We have explored a novel strategy for controlling the infectivity of adenoviral vectors. This strategy involves a method whereby the infectivity of adenoviral vectors is neutralized by treatment of viral particles with a water-soluble, photocleavable biotinylation reagent. These modified viral vectors possess little to no infectivity for target cells. Exposure of these modified viral vectors to 365 nm light induces a reversal of the neutralizing, chemical modification, resulting in restoration of infectivity to the viral vectors. The light-directed transduction of target cells by photoactivatable adenoviral vectors was demonstrated successfully both in vitro and in vivo. This photochemical infectivity trigger possesses great potential, both as a research tool and as a novel tactic for the delivery of gene-transfer agents, since the infectivity of adenoviral vectors can be controlled externally in a versatile manner. PMID:12031663

  8. Nacystelyn enhances adenoviral vector-mediated gene delivery to mouse airways.

    PubMed

    Kushwah, R; Oliver, J R; Cao, H; Hu, J

    2007-08-01

    Adenoviral vector-mediated gene delivery has been vastly investigated for cystic fibrosis (CF) gene therapy; however, one of its drawbacks is the low efficiency of gene transfer, which is due to basolateral colocalization of viral receptors, immune responses to viral vectors and the presence of a thick mucus layer in the airways of CF patients. Therefore, enhancement of gene transfer can lead to reduction in the viral dosage, which could further reduce the acute toxicity associated with the use of adenoviral vectors. Nacystelyn (NAL) is a mucolytic agent with anti-inflammatory and antioxidant properties, and has been used clinically in CF patients to reduce mucus viscosity in the airways. In this study, we show that pretreatment of the airways with NAL followed by administration of adenoviral vectors in complex with DEAE-Dextran can significantly enhance gene delivery to the airways of mice without any harmful effects. Moreover, NAL pretreatment can reduce the airway inflammation, which is normally observed after delivery of adenoviral particles. Taken together, these results indicate that NAL pretreatment followed by adenoviral vector-mediated gene delivery can be beneficial to CF patients by increasing the efficiency of gene transfer to the airways, and reducing the acute toxicity associated with the administration of adenoviral vectors. PMID:17525704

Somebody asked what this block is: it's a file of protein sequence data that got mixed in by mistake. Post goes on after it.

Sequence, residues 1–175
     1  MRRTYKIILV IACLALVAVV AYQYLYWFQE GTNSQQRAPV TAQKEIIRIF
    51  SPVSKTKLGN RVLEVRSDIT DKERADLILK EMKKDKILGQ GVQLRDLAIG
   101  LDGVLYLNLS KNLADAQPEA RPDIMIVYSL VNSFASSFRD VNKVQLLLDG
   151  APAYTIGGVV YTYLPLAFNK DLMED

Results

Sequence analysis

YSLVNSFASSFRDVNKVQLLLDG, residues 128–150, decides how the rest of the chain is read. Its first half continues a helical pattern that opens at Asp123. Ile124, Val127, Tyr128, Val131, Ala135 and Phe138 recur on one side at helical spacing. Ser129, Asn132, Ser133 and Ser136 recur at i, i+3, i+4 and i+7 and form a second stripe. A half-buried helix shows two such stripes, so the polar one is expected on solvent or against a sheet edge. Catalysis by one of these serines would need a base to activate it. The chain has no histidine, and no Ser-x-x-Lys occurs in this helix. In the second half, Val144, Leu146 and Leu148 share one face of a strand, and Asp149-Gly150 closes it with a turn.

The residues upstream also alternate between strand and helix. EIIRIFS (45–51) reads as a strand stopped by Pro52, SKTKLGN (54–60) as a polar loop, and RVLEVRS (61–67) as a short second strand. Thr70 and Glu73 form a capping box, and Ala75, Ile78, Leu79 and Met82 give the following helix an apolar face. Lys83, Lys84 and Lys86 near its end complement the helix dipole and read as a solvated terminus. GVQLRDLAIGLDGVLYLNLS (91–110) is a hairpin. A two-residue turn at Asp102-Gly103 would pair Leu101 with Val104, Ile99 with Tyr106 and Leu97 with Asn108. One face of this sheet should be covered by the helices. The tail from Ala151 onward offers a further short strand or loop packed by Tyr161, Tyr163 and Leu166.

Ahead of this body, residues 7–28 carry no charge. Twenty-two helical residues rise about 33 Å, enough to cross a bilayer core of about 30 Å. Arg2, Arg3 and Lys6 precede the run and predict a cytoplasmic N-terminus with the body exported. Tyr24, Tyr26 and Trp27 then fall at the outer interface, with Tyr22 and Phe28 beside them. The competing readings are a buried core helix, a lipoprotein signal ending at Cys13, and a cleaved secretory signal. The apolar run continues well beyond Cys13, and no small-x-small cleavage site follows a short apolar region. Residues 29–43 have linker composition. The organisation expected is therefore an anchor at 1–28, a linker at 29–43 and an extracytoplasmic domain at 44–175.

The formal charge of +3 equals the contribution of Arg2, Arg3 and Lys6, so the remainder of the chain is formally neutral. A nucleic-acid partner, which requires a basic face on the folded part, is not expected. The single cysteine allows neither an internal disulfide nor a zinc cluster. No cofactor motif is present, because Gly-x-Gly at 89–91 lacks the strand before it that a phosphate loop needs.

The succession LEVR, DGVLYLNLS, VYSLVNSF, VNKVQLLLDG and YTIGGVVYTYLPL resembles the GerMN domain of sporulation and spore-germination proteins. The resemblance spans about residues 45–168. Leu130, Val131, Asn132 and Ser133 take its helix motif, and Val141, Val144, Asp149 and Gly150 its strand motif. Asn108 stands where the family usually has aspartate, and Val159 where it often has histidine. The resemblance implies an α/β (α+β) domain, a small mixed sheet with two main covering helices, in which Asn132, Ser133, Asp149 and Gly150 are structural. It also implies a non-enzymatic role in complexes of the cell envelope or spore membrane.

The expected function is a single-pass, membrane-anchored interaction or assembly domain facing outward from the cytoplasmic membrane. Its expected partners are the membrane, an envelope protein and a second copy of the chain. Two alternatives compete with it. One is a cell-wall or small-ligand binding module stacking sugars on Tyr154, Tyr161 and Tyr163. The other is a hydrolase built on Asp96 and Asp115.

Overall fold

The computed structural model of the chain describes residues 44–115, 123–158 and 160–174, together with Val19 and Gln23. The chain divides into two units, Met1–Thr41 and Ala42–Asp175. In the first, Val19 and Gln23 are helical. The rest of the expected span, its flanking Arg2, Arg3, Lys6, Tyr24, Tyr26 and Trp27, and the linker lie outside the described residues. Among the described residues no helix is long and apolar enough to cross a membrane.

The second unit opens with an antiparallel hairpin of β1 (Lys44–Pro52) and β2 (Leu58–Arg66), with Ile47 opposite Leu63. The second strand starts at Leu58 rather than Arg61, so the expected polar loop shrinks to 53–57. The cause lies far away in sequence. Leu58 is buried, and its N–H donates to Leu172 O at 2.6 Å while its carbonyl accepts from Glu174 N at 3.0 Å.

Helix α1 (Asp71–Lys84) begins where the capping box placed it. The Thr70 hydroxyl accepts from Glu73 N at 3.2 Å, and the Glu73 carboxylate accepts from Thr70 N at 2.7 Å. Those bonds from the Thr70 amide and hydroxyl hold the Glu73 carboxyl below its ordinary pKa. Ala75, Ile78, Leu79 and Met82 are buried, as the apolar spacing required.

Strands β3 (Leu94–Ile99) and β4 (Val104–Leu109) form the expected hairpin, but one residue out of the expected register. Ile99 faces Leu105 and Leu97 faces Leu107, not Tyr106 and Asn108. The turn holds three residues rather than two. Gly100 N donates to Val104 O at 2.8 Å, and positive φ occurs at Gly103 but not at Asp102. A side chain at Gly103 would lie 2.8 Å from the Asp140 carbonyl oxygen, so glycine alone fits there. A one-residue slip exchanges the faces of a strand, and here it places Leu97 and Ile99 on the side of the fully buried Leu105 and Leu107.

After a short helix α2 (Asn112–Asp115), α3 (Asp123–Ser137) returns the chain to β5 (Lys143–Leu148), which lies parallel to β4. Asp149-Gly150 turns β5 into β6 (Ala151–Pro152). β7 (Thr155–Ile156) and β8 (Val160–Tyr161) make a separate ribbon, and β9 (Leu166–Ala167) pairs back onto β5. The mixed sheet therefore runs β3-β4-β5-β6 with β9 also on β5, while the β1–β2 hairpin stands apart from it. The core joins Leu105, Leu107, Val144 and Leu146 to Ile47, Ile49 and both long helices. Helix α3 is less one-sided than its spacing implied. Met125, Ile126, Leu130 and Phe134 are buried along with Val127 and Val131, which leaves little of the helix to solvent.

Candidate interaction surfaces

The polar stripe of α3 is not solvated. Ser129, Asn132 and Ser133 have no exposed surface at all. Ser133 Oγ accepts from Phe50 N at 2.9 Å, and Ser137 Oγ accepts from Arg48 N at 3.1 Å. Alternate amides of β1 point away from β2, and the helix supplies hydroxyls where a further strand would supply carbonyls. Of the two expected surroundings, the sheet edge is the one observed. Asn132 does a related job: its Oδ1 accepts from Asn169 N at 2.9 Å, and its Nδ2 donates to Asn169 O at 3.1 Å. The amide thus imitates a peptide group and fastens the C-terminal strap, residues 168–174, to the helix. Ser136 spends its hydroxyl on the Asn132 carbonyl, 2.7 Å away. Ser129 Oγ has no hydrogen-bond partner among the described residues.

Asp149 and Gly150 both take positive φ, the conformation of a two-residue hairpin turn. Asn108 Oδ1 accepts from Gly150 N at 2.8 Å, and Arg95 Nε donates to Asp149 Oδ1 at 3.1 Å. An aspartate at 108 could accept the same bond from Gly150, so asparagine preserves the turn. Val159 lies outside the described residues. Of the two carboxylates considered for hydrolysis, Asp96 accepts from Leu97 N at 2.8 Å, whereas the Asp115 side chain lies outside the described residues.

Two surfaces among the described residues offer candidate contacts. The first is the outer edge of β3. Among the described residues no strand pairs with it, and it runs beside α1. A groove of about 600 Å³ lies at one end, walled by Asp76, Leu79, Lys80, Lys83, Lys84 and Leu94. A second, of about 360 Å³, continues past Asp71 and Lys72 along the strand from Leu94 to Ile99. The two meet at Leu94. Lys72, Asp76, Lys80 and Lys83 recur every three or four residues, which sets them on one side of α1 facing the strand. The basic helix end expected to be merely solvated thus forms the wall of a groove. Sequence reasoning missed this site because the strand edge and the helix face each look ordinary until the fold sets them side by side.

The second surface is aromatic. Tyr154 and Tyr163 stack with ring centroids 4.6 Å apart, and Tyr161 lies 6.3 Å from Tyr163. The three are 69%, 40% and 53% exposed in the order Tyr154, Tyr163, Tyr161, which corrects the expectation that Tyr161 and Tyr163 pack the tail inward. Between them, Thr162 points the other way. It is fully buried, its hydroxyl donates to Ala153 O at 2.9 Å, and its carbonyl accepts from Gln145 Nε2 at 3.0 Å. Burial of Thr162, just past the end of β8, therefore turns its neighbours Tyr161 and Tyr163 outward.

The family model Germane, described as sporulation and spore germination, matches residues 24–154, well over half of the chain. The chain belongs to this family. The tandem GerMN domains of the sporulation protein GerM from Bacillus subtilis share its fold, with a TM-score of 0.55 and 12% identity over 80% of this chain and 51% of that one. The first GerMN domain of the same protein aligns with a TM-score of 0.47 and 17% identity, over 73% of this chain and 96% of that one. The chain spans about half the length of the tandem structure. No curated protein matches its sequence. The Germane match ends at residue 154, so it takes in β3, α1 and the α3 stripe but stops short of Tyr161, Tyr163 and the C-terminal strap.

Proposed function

9. Nacystelyn enhances adenoviral vector-mediated gene delivery to mouse airways.

    PubMed

    Kushwah, R; Oliver, J R; Cao, H; Hu, J

    2007-08-01

    Adenoviral vector-mediated gene delivery has been vastly investigated for cystic fibrosis (CF) gene therapy; however, one of its drawbacks is the low efficiency of gene transfer, which is due to basolateral colocalization of viral receptors, immune responses to viral vectors and the presence of a thick mucus layer in the airways of CF patients. Therefore, enhancement of gene transfer can lead to reduction in the viral dosage, which could further reduce the acute toxicity associated with the use of adenoviral vectors. Nacystelyn (NAL) is a mucolytic agent with anti-inflammatory and antioxidant properties, and has been used clinically in CF patients to reduce mucus viscosity in the airways. In this study, we show that pretreatment of the airways with NAL followed by administration of adenoviral vectors in complex with DEAE-Dextran can significantly enhance gene delivery to the airways of mice without any harmful effects. Moreover, NAL pretreatment can reduce the airway inflammation, which is normally observed after delivery of adenoviral particles. Taken together, these results indicate that NAL pretreatment followed by adenoviral vector-mediated gene delivery can be beneficial to CF patients by increasing the efficiency of gene transfer to the airways, and reducing the acute toxicity associated with the administration of adenoviral vectors.

  10. Inducible gene expression systems for plants.

    PubMed

    Borghi, Lorenzo

    2010-01-01